Los Angeles

Life After Death

How a woman went from planning a wedding to planning a funeral then a shower for her baby, conceived from her dead husband's sperm.

The room for baby Remi is coming together. This proud mother has been preparing.

Lenee Nicole Kehnt has even started a scrapbook for her baby girl.

"I am 18 weeks so I am about 4 and half months pregnant," she says.

It is the baby she and her husband, Jeremi, had always dreamed of since their wedding celebration in November 2015.

"He loved the idea of her and he wanted her," she says. "He was the one who came up and was like 'Remi D,' then he was like, she's our remedy, because she was going to fix a lot in our relationship."

Like any married couple, the pair was having financial struggles.

"We couldn't get ahead on our bills," she says. "We were falling behind on mortgage payments."

And this new baby meant expensive infertility treatments. She says Jeremi had a vasectomy after the birth of his son. Lenee and Jeremi have teenage boys from other relationships.

"We were in the midst of a financial crisis really," she says.

Still, the couple sent each other texts, earlier this year, of what baby Remi would mean to their family.

"He fell in love with the idea of being a dad again to a daughter," she says. "I was happy. I was very happy."

On May 20 Jeremi was killed in a motorcycle accident.

"I tried texting him a 1,000 times," she says. "I tried calling a 1,000 times and he didn't answer," she says. "He was killed on impact. There was no trying to save him. There was no keeping him on life support. There was nothing. He was gone. He was completely gone."

Their dreams of having a baby shattered or so she thought.

Just weeks before his fatal accident, Jeremi sent her texts, telling her if anything happened to him, "you can pull sperm from me and then to have our girl."

Kehnt was incredulous. What did he know?

"I'm just saying I'm planning on a worst-case scenario," he texted her.

He texted her, if something happened to him, keep him on life support and "make our daughter."

"She's gonna be my legacy," he texted.

But how?

"I felt like my entire soul was amputated from me," she says. "I did not rationally connect that I needed to go forward with the baby process."

She says her family, who had seen the texts, began making calls. They found California Cryobank, a sperm bank in Los Angeles since 1977.

Dr. Cappy Rothman, the founder of California Cryobank, says the sperm bank is likely responsible for the birth of over 70,000 children, including the first birth from "post mortem sperm retrieval" in the nation back in 1995. The procedure removes sperm from a deceased man. The first baby born from post mortem sperm was in 1999.

"You are on the other end of the phone and can feel the pain that is transmitted from this family that just lost a loved one, it's just hard to say no," Rothman says.

Kehnt wanted hope. The process of retrieving Jeremi's sperm happened at the coroner's office.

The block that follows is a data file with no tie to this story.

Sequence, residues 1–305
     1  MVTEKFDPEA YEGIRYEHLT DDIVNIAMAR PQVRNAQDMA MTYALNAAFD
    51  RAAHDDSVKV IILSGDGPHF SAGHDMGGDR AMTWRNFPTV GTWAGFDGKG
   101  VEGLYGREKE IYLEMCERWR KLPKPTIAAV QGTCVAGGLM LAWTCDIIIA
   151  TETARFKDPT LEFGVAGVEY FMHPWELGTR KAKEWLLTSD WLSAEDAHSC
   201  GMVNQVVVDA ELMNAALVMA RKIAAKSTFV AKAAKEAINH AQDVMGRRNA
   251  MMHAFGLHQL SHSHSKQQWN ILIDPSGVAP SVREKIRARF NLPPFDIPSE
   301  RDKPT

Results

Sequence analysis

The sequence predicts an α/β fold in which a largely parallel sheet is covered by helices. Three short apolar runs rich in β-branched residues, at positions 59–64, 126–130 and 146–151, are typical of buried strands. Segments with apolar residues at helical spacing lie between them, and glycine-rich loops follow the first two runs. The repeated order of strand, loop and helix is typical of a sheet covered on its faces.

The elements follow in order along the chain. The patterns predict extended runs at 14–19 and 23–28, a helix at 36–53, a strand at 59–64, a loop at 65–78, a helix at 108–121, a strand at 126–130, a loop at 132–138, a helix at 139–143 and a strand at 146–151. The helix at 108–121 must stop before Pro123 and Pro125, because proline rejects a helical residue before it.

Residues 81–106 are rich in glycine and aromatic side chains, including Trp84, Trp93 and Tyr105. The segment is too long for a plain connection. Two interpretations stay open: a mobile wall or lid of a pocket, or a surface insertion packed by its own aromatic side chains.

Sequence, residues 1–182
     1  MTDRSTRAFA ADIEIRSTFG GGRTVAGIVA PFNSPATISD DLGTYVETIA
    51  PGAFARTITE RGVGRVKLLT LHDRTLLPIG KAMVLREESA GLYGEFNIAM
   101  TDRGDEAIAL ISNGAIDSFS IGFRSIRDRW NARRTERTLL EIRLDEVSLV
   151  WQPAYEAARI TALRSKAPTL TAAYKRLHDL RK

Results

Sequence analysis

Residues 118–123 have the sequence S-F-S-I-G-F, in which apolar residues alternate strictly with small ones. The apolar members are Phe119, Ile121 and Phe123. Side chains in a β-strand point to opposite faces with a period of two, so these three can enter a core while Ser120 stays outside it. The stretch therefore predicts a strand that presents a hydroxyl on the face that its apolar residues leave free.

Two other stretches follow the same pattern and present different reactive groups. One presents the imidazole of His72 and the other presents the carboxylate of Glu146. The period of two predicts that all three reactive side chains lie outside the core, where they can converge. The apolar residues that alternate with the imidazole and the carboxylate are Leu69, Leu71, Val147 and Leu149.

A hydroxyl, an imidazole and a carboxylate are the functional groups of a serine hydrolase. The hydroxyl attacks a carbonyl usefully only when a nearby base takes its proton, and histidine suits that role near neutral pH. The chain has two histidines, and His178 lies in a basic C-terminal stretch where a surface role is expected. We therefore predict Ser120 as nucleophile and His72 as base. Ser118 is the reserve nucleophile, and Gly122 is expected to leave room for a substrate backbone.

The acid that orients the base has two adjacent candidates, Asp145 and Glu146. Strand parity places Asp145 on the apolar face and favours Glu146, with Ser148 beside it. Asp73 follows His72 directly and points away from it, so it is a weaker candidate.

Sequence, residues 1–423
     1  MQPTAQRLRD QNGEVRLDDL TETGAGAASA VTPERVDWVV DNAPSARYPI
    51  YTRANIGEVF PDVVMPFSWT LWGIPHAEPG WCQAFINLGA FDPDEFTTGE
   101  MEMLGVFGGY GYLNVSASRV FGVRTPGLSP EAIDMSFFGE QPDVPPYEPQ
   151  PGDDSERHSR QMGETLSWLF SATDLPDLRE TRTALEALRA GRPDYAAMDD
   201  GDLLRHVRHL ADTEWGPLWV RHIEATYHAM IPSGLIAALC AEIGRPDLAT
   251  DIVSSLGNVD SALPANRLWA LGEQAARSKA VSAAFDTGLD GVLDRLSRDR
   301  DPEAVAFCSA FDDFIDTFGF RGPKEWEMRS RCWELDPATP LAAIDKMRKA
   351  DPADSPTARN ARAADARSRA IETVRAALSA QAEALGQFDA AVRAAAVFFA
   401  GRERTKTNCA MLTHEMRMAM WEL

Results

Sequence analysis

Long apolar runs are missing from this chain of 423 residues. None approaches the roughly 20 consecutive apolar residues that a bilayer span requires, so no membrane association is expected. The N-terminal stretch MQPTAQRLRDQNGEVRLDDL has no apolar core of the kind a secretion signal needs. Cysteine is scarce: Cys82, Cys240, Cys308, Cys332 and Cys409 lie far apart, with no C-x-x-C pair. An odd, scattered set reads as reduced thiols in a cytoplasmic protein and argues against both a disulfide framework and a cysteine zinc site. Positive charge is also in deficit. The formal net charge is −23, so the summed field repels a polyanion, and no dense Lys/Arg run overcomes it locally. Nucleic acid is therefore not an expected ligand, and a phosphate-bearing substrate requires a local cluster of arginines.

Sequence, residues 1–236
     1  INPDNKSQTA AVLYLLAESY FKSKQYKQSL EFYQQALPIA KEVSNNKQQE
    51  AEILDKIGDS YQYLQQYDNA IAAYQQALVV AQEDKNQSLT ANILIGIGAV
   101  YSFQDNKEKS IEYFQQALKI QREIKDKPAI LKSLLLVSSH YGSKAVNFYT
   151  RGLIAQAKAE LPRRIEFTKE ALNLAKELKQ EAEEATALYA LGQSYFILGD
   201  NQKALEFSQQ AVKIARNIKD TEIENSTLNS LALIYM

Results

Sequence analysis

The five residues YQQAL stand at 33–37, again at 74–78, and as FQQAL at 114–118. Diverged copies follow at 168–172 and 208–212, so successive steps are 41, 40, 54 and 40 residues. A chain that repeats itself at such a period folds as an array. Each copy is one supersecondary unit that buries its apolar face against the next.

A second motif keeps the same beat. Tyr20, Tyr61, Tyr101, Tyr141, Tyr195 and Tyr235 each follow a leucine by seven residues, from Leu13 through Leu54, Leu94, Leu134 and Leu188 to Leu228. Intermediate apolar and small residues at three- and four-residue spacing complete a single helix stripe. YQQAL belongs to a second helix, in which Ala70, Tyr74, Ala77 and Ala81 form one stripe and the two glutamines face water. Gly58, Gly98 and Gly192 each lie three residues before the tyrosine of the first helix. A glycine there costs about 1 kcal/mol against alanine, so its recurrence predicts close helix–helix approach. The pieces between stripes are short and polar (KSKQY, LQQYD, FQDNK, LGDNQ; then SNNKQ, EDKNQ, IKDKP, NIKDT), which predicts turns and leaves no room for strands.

Exceeding 24 hours reduces the probability of finding module sperm. It had already 44-plus hours after his death.

There was good news.

California Cryobank found sperm that could work with in vitro fertilization, or IVF, process and create embryos.

In August, Kehnt was implanted with two embryos. Twin girls began growing inside her.

"In one year I went from planning a wedding to planning a funeral and now I am planning a baby shower," she says.

The first doctor's visit confirmed this new reality.

"To see them from eight cell, to then walk in and see their heartbeats, its amazing," says Gayle Marie Badalamenti, the baby's grandma.

But not long after a recent visit, they made a tragic discovery.

"Baby B's heartbeat stopped," Lenee says.

Sophia Gayle, as she had been named, was dead.

Lenee searched for strength.

"I knew at that point I am still carrying Remi," she says. "I am still carrying my baby."

Lenee's is only the fourth pregnancy from post-mortem sperm retrieval, Rothman says. Baby Remi would be the third birth, he says.

It is a process that is not only unique, but to some, controversial.

"I'm not playing God," Rothman says. "I am just helping another human being that is in such pain that I could help."

Family law professor Jan Costello, of Loyola Law School Los Angeles, says there is no federal law that regulates these procedures and births.

"The law is rushing to catch up," Costello says.

Consent is key and in Lenee's case, the texts from Jeremi expressed his wishes.

Costello advises couples to enter into an agreement and ideally have their own lawyers if they are planning a family and think it’s important.

"The only thing that mattered was me, my husband, the love that we shared between us and what he said," Lenee says.

She says not everyone, including loved ones, may agree with her decision.

"I just wanted my husband," she says. "I wanted to hold on to something."

So she continues to plan and a family is rejoicing this holiday season.

"She has made us whole again," Badalamenti says.

Adds Lenee: "She was loved. She was wanted and was planned. Her father loved her."

Lenee has started the Jeremi Kehnt Foundation for young widows and families like heres. You can learn more about the foundation here.

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